Coca-Cola says it has invested over $5m to tackle plastic pollution across Africa

The Coca-Cola Company says it has invested more than $5 million to tackle plastic pollution across the African continent. Plastic pollution has been identified as one of the major threats to the global environment, and in response of which some countries are banning single use plastic items and products.

In a press release copied to, Coca-Cola says it is on track to spend a third of its $38 million pledge before the end of 2019. The company in December 2018 committed to invest $38 million over three years to stimulate polyethylene terephthalate (PET) plastic collection and recycling in Southern and East Africa as part of its local effort to achieving a global World Without Waste vision.

“World Without Waste is an ambitious global Coca-Cola goal to help collect and recycle a bottle or can for every one it sells by 2030,” the release said.

The company, according to the release has since the beginning of this year, together with its bottling partners has invested $5.125 million to boost recycling industries across eight countries.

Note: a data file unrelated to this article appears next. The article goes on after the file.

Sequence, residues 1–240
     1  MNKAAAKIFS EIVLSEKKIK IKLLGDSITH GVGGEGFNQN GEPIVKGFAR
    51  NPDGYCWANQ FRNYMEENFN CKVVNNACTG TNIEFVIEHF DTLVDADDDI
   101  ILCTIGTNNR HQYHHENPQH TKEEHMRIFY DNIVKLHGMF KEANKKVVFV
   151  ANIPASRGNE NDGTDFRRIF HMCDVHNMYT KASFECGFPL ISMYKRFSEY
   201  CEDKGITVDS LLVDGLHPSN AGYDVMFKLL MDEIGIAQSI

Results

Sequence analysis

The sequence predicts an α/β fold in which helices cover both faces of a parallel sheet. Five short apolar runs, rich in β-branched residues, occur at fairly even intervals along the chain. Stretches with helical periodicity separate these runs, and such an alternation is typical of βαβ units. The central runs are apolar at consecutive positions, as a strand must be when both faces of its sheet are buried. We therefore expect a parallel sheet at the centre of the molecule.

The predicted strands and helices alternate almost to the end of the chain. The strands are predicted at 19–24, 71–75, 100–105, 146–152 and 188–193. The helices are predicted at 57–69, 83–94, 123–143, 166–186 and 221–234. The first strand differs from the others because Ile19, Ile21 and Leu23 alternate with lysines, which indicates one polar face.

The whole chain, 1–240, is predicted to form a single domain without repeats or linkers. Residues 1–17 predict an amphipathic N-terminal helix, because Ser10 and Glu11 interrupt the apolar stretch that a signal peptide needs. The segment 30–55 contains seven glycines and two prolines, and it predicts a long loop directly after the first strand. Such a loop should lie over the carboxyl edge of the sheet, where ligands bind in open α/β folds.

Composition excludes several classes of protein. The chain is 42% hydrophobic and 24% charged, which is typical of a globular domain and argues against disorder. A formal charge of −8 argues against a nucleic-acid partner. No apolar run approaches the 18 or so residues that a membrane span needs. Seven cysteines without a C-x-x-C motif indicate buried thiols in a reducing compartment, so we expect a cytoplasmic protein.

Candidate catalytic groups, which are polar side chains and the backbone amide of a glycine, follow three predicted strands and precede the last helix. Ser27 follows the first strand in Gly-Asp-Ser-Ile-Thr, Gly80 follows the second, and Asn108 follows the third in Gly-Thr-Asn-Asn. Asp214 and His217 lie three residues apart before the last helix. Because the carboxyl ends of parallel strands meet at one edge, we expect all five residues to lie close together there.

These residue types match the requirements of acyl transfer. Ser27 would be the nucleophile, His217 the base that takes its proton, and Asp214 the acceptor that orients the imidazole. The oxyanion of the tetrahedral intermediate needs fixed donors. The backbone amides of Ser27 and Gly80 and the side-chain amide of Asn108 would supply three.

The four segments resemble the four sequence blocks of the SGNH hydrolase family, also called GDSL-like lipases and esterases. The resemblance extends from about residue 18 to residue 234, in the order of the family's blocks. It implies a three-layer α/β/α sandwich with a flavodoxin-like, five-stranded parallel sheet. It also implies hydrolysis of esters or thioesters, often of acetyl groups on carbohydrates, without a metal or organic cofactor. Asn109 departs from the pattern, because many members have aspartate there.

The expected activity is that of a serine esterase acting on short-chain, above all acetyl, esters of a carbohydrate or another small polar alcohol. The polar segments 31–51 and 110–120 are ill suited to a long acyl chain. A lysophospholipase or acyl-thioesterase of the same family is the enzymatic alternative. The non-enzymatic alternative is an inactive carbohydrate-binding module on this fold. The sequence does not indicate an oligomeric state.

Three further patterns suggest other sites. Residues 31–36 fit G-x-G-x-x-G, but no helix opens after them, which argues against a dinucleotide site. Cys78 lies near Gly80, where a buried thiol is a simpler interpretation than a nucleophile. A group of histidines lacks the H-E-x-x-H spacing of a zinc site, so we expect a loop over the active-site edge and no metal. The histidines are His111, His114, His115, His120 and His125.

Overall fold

“PET collection and recycling rates are steadily increasing. As a percentage of the PET plastic it sells, the Coca-Cola system in Southern and Eastern Africa is forecasted to close 2019 with an average collection and recycling rate of 80 per cent, led by South Africa at 114 per cent,” it indicated.

Coca-Cola notes that PET recycling industries have been established in Kenya, Mozambique, Namibia, South Africa, Tanzania, Uganda, Zambia and Zimbabwe on the back of industry collaboration and funding kick-started by the company and its main bottling partner across Africa, Coca-Cola Beverages Africa.

World Without Waste is a Coca-Cola goal to help collect and recycle a bottle or can for every one it sells by 2030. Additionally, the Coca-Cola Company will create packaging that contains at least 50 per cent recycled material by 2030, meaning less virgin material will be used. The company will also continue pursuing the goal to make all consumer packaging 100 per cent recyclable by 2025, it added.

By Emmanuel K. Dogbevi

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